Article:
The Vaccine Race and the Global Fight Against COVID-19

The Vaccine Race and the Global Fight Against COVID-19
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The Vaccine Race and the Global Fight Against COVID-19
Ferdinal Fernando, MD
Head, Health Division ASEAN Socio-Cultural Community Department
Jennifer Dela Rosa
Senior Officer, Health Division ASEAN Socio-Cultural Community Department
13 Sep 2021
Health and COVID-19

It has been almost two years since the outbreak of the SARS-COV-2 virus, which caused the COVID-19 pandemic, and the global community is still battling against its devastating impact. So far, the disease has resulted in millions of cases and deaths worldwide, loss of livelihood, economic downturns, and disruptions in trade and the flow of essential goods and other supplies.

It is now a race against the mutation and spread of SARS-COV-2, even as COVID-19 vaccines rollout are Photo Credit: © seisler/Shutterstock ongoing worldwide. National policy and programmes on COVID-19 response are constantly being developed, implemented, revisited, and viewed by every country, including the ASEAN Member States, to respond appropriately to the pandemic and ensure a flexible but steady journey towards recovery. To complement the COVID-19 vaccine rollout campaigns and programmes, sustaining tried and tested public health and social measures for infection prevention and control are continuously advocated and enforced by the ASEAN Member States. Several vaccine-producing ASEAN Member States have also endeavoured to contribute to COVID-19 vaccine development to address the mutating SARS-COV-2.

SARS-COV-2 and Its Variants

Since the December 2019 alert on cases of a respiratory syndrome of unknown cause in China, the World Health Organization (WHO) says the virus has spread to more than 220 countries and territories. Nearly 231 million cases of COVID-19 have been documented globally, with almost five million deaths as of 22 September 2021 (WHO, 2021; ASEAN, 2021). Around this period, the ASEAN region accounted for more than 11 million cases, with an upward epidemiologic trend (Figure 1) in most of the ASEAN Member States and more than 254,000 deaths. Owing to the virus’s characteristics and its widespread transmission in populations, the likelihood of viral mutations has increased. The recent surge of confirmed cases and deaths in many countries have been attributed to the variants of concern (WHO, 1 March 2021) of the SARS-COV-2 virus.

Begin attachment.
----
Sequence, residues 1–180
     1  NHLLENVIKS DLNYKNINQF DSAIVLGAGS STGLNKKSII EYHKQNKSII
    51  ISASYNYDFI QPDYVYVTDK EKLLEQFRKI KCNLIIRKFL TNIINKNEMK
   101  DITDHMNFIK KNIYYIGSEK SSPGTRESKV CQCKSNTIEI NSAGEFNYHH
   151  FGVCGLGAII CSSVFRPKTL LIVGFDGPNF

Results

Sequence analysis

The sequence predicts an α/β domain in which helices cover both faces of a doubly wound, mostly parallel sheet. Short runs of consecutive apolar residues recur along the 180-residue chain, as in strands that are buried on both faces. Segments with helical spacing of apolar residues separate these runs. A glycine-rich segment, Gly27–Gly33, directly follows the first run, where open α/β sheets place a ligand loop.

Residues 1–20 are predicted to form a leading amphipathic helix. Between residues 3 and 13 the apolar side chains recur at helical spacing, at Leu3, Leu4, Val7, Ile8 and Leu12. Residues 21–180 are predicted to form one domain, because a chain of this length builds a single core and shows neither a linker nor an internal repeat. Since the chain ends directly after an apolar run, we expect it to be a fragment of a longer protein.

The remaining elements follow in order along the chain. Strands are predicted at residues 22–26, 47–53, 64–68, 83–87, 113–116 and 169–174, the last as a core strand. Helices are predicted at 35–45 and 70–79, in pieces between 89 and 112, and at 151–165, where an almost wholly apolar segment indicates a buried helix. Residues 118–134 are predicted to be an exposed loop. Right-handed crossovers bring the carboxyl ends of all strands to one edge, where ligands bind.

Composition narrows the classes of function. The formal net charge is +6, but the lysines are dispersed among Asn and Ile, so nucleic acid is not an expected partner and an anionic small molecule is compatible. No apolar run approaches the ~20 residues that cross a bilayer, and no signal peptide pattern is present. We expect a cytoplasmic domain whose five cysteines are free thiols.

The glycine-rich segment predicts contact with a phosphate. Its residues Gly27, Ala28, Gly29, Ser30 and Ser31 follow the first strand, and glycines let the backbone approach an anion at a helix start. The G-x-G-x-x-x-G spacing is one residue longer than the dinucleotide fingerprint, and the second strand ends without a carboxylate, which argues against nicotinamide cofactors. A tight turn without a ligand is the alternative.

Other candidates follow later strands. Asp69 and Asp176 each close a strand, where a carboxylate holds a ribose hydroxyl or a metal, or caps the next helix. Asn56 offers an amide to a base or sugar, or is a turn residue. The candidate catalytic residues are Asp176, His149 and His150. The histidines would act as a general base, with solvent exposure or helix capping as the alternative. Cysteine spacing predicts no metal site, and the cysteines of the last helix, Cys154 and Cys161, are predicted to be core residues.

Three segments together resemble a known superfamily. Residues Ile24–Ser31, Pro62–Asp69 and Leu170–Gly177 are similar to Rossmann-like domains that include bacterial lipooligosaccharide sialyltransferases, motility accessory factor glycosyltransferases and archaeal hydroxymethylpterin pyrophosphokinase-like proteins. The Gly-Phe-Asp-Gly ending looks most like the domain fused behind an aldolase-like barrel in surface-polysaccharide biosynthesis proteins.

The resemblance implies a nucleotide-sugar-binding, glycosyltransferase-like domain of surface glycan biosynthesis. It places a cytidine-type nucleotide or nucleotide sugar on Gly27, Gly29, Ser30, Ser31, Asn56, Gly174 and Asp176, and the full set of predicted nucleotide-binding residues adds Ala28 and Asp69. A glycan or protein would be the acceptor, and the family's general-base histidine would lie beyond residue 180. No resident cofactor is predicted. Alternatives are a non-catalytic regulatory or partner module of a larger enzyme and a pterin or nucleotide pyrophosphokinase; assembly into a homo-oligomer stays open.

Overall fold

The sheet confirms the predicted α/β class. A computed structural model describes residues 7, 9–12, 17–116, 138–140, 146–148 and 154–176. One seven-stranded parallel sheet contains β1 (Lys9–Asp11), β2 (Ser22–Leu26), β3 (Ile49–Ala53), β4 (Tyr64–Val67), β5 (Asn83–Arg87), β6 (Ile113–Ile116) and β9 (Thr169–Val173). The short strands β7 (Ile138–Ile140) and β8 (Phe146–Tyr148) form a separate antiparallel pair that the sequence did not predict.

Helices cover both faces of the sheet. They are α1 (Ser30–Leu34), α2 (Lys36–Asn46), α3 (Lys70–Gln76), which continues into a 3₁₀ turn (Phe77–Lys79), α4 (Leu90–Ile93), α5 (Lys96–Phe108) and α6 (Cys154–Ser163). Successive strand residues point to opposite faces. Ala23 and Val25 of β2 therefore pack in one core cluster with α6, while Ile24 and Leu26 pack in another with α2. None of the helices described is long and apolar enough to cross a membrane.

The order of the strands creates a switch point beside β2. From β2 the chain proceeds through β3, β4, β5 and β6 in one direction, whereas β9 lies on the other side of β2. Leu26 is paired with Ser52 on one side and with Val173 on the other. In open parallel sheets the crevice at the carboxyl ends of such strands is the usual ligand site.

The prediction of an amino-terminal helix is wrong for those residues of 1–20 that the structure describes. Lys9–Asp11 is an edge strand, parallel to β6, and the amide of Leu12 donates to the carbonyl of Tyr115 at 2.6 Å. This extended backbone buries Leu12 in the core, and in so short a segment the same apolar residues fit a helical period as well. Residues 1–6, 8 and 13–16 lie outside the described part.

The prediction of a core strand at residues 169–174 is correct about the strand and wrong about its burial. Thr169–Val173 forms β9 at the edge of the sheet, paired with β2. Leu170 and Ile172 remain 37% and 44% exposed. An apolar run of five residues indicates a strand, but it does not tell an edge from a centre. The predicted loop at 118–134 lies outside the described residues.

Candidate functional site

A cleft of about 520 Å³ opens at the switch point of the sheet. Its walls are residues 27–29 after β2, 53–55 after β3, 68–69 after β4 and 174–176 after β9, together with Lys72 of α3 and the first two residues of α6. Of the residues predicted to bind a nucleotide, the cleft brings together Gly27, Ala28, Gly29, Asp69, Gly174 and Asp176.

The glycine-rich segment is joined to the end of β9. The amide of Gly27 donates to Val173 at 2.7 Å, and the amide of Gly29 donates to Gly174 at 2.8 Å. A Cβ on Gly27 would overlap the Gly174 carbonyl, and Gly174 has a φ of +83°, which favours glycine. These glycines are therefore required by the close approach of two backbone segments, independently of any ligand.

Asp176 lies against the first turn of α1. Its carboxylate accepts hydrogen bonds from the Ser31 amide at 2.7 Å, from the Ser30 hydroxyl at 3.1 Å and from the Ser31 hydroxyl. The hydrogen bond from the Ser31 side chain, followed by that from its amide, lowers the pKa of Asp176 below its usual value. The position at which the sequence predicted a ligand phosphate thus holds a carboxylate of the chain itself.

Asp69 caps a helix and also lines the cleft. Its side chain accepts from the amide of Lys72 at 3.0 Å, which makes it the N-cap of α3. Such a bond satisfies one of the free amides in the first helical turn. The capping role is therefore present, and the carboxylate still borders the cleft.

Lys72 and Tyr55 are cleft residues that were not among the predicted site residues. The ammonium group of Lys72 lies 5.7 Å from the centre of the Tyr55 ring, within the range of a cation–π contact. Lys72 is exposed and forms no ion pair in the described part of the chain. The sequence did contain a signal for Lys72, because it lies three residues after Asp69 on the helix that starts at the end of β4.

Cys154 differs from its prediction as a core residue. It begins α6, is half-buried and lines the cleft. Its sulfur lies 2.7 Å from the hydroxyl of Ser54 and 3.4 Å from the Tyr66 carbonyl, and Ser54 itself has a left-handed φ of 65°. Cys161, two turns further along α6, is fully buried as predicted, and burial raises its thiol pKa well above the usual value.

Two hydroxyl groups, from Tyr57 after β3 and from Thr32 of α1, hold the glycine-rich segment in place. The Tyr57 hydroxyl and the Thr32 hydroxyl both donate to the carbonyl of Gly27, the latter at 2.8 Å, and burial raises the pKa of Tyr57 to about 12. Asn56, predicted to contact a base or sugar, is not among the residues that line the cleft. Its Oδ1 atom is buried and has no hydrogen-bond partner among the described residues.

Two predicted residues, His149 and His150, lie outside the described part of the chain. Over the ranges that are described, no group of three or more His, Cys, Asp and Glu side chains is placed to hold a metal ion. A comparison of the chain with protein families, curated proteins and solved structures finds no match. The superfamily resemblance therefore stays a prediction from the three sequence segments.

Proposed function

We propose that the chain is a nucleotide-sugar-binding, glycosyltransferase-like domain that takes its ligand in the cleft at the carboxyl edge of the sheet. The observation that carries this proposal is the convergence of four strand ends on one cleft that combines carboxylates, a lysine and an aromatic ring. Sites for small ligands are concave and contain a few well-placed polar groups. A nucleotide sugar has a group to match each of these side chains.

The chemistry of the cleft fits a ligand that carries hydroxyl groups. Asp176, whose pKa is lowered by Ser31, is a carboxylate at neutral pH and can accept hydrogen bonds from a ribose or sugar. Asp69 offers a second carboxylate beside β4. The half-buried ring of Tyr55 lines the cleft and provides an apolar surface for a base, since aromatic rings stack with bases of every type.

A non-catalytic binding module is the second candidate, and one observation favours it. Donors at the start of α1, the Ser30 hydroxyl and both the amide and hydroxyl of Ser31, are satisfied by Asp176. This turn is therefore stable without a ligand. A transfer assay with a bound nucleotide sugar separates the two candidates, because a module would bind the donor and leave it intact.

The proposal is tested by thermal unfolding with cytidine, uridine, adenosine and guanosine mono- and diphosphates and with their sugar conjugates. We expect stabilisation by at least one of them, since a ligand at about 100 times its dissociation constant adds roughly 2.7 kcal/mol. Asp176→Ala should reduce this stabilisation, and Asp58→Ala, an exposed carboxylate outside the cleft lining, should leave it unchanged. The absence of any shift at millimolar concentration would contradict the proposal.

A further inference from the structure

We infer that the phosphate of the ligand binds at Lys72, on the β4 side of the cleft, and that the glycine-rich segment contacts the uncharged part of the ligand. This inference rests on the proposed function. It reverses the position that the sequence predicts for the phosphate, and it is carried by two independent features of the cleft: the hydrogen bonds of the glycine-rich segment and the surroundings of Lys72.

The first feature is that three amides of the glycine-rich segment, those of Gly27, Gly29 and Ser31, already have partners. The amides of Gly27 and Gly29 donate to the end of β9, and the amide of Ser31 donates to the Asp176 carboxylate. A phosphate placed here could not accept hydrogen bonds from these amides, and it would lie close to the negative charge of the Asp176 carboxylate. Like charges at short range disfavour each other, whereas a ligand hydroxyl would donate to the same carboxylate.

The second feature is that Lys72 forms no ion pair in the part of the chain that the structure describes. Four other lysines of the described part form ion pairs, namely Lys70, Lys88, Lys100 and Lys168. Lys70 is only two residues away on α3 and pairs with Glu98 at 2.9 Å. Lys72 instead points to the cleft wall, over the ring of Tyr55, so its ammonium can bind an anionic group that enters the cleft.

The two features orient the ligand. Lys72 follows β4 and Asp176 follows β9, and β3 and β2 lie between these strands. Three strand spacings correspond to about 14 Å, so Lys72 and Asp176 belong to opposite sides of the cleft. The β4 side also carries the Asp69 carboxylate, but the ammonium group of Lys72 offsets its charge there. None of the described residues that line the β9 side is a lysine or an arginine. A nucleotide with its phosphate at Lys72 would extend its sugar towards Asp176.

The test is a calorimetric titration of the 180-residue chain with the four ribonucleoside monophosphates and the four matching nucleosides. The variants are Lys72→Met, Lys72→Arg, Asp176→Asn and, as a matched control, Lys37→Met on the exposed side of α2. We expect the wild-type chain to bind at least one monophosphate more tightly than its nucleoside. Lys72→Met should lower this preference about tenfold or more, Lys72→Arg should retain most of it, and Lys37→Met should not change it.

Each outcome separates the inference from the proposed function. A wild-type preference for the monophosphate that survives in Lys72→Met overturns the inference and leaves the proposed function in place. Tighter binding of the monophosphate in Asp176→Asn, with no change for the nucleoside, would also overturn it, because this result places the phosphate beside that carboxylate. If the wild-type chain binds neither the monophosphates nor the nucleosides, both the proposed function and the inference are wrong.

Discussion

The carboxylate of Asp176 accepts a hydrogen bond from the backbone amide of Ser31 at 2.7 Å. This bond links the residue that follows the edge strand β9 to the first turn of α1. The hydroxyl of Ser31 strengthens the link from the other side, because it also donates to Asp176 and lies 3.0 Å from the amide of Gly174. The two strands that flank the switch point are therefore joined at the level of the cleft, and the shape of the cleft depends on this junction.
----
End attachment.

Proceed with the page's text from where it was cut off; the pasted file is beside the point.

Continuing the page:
Based on the COVID-19 Weekly Epidemiologic Update published by the WHO, as of 14 September 2021, cases of the Alpha variant were reported in 193 countries, territories, and other areas. The Beta variant was detected in 142 countries; the Gamma variant in 96 countries; and the Delta Variant in 180 countries (WHO, 14 September 2021). The recent uptrend in infections, due to the increased cases of the Delta Variant, has also been reported in the ASEAN Member States. More stringent policies have been brought back to contain the spread of this more communicable variant in communities and to prevent the overwhelming of the already fragile health systems in the region.

According to the WHO, the emergence of SARS-COV-2 variants, which posed an increased risk to global public health, necessitated the characterisation of variants of interest and variants of concern (WHO, n.d.). In late 2020, the WHO began classifying the SARS- COV-2 variants to reinforce global efforts on monitoring and research, and to provide information on the ongoing response to the COVID-19 pandemic. Assessing the evolution of the virus and its variants is a global undertaking, and the WHO has been monitoring it with partners, expert networks, national authorities, institutions, and researchers since January 2020.

A variant of interest (VOI) is defined by the WHO as a SARS-CoV-2 variant with genetic changes that are predicted or known to affect virus characteristics such as transmissibility, disease severity, immune escape, diagnostic or therapeutic escape. It is also identified to cause significant community transmission or multiple COVID-19 clusters in multiple countries with increasing relative prevalence alongside increasing number of cases over time, or other apparent epidemiological impacts to suggest an emerging risk to global public health (WHO, n.d.; emphasis added). The current VOIs, and where they were first identified include Eta (multiple countries), Iota (US), Kappa (India), and Lambda (Peru). (Table 1).

A variant of concern (VOC), on the other hand, is defined as a SARS-CoV-2 variant that meets the definition of a VOI and, through a comparative assessment, has been demonstrated to be associated with one or more of the following changes at a degree of global public health significance namely, increase in transmissibility or detrimental change in COVID-19 epidemiology; or increase in virulence or change in clinical disease presentation; or decrease in effectiveness of public health and social measures or available diagnostics, vaccines, therapeutics (WHO, n.d.; emphasis added). (Table 2)